When I look back into my childhood I try and figure out why I have such a intense passion for certain layouts, design and unique printing. I’m sure some of it just stems from trying to revive nostalgia, though sometimes I think it all comes back to my obsession with collecting sport cards, I think I was at 40k+ cards at one point and every Beckett Pricing Magazine imaginable. I’m only showing the tip of this iceberg so i’ll make it a series, we’ll start with some classic O-Pee-Chee and Fleer and once we get into the deep cuts i’ll share some real favorites but pretty much that Cam Neely one is a favorite.
I still do my best to be a hockey fan these days but i’m kind of over it for the most part but I was an insane collector of NHL(mainly Vancouver Canucks and Pavel Bure) memorabilia when I was a little kid though. I saw these posted on facebook and I had to share since some of the layouts, pretty unbeatable compared to whats out there these days.
Paul Ibou was a great Belgian graphic designer who studied at the Royal Academy in Antwerp. In 1961, at age 23, he began working as a freelance designer under the pseudonym Ibou. The term Ibou meant “inventive book designer and publisher”. Also, in French Ibou also meant “owl” which initiated the beginnings of his large collection of owl symbols.
The Computer History Museum has a great collection of vintage computer brochures from the 1950s to the early 1980s. I love the bold type, colors, and shapes working in these designs. You might recognize the IBM System/360 name from previous posts.
The Ghostly Store just released an exclusive interview and series of prints from Andy Gilmore, below is the beginning of the interview and here’s a link to check out the rest of the designs.
GI: Tell us about your first memory.
AG: Drawing is at the center of a lot of my childhood memories, the most profound of which is watching my father draw. I remember being astonished in watching his lines take form into realistic depictions of horses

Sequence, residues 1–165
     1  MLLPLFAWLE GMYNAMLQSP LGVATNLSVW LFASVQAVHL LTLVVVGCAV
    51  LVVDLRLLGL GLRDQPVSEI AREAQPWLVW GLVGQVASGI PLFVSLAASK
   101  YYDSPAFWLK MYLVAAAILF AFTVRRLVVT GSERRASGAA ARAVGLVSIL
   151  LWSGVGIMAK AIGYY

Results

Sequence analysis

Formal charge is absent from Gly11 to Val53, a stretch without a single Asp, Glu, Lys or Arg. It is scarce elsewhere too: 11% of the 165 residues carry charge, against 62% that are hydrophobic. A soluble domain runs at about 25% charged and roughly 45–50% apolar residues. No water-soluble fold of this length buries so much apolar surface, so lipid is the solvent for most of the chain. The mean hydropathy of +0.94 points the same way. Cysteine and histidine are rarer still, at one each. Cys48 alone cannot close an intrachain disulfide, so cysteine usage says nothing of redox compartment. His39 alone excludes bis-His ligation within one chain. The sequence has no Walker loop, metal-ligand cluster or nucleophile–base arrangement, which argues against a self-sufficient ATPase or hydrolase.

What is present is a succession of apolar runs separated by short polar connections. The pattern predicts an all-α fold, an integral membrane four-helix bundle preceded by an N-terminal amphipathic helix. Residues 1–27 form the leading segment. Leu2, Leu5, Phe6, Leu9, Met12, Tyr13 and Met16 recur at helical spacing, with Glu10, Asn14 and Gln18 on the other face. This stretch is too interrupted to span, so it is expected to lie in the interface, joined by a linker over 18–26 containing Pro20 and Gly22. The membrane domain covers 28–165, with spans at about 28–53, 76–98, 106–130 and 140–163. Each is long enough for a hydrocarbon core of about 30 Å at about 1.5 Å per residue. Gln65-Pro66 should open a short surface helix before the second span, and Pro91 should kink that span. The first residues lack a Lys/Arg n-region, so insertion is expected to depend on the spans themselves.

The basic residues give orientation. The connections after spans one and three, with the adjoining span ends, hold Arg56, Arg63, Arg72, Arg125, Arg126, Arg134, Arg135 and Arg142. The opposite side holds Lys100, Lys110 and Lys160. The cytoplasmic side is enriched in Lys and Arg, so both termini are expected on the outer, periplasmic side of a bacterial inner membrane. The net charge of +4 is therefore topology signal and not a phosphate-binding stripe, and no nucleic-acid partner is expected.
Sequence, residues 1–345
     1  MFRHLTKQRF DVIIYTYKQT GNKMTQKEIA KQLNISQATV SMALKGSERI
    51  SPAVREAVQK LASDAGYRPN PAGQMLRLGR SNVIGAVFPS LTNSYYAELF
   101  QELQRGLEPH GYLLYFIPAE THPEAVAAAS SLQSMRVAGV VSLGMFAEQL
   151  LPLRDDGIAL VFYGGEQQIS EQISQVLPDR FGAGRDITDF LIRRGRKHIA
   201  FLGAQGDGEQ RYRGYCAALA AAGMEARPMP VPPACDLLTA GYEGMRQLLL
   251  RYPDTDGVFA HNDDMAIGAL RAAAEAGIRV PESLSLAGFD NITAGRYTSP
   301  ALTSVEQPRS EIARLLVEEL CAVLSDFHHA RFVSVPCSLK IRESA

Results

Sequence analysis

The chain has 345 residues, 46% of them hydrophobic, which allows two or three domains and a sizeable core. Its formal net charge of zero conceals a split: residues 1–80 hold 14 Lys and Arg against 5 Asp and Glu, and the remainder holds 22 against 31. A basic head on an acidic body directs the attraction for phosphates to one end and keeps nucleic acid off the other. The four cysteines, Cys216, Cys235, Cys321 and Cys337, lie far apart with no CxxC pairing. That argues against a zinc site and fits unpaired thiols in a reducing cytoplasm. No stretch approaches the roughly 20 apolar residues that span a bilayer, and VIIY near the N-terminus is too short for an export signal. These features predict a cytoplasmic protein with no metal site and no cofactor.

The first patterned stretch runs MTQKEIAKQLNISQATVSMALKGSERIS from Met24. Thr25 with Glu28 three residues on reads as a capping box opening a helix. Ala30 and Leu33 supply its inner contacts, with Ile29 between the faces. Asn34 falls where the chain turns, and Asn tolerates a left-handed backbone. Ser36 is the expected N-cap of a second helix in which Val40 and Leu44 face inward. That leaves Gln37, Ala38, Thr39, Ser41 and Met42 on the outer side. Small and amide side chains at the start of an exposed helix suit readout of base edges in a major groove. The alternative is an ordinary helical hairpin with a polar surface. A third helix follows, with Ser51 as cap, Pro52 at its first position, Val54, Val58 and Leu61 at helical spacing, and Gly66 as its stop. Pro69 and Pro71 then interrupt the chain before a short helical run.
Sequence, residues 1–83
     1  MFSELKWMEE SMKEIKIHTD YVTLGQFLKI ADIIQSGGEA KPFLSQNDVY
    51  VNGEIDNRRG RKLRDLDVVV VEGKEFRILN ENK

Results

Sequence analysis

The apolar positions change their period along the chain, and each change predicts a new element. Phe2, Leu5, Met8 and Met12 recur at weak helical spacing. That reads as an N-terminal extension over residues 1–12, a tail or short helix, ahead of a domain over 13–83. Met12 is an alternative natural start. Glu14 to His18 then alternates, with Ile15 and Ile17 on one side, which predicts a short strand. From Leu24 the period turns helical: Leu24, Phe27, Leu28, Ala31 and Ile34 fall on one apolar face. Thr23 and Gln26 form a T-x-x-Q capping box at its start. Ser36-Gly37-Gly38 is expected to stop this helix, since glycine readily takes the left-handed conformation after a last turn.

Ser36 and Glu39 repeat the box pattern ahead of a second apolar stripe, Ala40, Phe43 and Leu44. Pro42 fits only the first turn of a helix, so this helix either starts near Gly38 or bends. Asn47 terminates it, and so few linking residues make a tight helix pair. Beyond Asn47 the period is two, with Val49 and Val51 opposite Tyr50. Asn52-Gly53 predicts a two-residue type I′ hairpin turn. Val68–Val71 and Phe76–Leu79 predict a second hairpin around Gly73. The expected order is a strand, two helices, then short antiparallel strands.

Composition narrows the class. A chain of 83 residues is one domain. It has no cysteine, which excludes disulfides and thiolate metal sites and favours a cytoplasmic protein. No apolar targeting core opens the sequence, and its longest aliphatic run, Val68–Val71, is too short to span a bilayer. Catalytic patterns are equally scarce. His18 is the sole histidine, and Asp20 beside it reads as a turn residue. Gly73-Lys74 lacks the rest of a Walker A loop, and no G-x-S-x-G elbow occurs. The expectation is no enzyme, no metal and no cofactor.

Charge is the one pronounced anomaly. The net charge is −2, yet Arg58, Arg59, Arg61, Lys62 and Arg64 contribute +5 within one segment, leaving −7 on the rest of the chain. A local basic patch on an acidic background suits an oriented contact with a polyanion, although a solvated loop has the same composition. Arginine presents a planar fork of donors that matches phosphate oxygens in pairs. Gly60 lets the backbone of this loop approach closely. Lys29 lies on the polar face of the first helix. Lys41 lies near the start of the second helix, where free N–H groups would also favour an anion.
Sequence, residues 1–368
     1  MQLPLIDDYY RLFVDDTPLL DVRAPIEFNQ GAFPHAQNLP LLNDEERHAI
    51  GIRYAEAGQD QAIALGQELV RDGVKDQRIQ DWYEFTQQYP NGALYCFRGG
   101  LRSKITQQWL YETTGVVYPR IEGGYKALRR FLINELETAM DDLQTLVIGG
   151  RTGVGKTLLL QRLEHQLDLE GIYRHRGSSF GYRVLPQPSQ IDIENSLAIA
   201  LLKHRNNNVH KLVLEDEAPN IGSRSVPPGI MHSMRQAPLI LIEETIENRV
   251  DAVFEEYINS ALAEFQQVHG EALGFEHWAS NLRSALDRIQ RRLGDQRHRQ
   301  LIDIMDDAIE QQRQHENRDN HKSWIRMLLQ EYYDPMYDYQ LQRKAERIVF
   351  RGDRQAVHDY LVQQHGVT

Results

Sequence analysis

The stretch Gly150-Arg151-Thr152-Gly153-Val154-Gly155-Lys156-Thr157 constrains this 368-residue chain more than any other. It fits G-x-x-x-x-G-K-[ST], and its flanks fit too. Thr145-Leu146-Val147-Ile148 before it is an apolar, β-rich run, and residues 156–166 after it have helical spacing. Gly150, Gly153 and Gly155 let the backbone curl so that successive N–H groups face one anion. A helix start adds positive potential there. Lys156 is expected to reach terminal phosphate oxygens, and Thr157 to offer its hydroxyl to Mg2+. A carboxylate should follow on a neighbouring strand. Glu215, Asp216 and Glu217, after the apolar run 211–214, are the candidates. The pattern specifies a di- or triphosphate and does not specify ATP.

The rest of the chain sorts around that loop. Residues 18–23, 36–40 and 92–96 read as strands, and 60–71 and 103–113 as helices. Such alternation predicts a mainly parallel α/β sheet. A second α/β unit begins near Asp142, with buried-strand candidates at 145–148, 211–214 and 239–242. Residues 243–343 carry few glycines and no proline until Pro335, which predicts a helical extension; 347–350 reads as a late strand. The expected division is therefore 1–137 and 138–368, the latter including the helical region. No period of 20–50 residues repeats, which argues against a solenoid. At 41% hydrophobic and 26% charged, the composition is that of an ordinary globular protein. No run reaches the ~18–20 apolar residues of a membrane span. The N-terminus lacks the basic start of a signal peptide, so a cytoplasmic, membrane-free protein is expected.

GI: So you were into skateboarding, how did that affect you?
AG: Yes, I starting skateboarding in 1987 or so, in the era of H-street. Skateboarding has introduced me to a lot of great and talented people that have guided me on my personal and professional path.
In 2002, an old friend from skateboarding offered me a job resizing print ads for C1rca footwear and Forum snowboards in Southern California. Fourstar was the beginning of working with the computer for me and I will always be indebted to the wildly talented creative staff that I learned so much from.
GI: How do you feel about music, in regards to your artistic life?
AG: Music is at the center of my artistic life. As a musician I have always been fascinated by the harmony and the physics of sound in a sense defining music as waveforms, waveforms whose properties and proportions define our scales, from which we write our melodies, in which we weave our emotions and memories into songs.
In addition to music as an experience I have been very interested in the theories, methods and language of music ”serialism, minimalism, spectralism, indeterminacy, improvisation, tonality/atonality, silence/noise, raga and rhythm these have always informed the language that I applied to design and ultimately shaped my work.
Beautiful color prints by Tom Hingston Studio for Danish mobile phone brand Æsir. Working at Edition Copenhagen during a two week residency, Hingston produced 100 copies each of these lithographic prints for potential customers. Creative Review has a detailed write-up of the entire process:
Lithographic printing dates back to 1796 when Alois Senefelder discovered a way of printing from stone. Lithographic ink is applied directly to polished stone from where it is transferred to the paper. Each colour requires a new stone, so the process is both slow and very expensive but does produce incredibly vibrant colours.
I really wish I could see these in person. I’ve done some screen printing and letterpress for my projects and have been pretty happy with the results, but I’ve never tried lithography. Anybody with lithographic experience care to share their thoughts?
via Creative Review